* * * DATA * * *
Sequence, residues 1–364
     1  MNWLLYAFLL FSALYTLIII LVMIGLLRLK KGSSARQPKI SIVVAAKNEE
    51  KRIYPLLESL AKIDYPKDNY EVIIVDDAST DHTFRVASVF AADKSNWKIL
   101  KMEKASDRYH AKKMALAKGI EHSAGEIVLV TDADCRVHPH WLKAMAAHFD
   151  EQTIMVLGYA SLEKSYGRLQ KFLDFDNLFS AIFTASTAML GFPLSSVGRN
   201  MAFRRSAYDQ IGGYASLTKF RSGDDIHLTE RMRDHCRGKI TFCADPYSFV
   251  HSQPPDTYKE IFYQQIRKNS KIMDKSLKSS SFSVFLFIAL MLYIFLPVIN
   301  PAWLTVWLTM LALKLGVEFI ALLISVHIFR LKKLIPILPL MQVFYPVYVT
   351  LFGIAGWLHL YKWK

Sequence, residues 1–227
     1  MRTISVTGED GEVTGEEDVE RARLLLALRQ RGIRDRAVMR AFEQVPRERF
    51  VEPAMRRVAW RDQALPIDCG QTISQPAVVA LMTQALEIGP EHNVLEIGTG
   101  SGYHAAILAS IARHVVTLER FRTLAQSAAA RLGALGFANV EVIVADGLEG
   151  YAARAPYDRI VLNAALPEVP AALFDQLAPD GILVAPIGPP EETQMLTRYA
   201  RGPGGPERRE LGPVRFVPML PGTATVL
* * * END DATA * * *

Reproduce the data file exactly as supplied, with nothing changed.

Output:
Sequence, residues 1–364
     1  MNWLLYAFLL FSALYTLIII LVMIGLLRLK KGSSARQPKI SIVVAAKNEE
    51  KRIYPLLESL AKIDYPKDNY EVIIVDDAST DHTFRVASVF AADKSNWKIL
   101  KMEKASDRYH AKKMALAKGI EHSAGEIVLV TDADCRVHPH WLKAMAAHFD
   151  EQTIMVLGYA SLEKSYGRLQ KFLDFDNLFS AIFTASTAML GFPLSSVGRN
   201  MAFRRSAYDQ IGGYASLTKF RSGDDIHLTE RMRDHCRGKI TFCADPYSFV
   251  HSQPPDTYKE IFYQQIRKNS KIMDKSLKSS SFSVFLFIAL MLYIFLPVIN
   301  PAWLTVWLTM LALKLGVEFI ALLISVHIFR LKKLIPILPL MQVFYPVYVT
   351  LFGIAGWLHL YKWK

Sequence, residues 1–227
     1  MRTISVTGED GEVTGEEDVE RARLLLALRQ RGIRDRAVMR AFEQVPRERF
    51  VEPAMRRVAW RDQALPIDCG QTISQPAVVA LMTQALEIGP EHNVLEIGTG
   101  SGYHAAILAS IARHVVTLER FRTLAQSAAA RLGALGFANV EVIVADGLEG
   151  YAARAPYDRI VLNAALPEVP AALFDQLAPD GILVAPIGPP EETQMLTRYA
   201  RGPGGPERRE LGPVRFVPML PGTATVL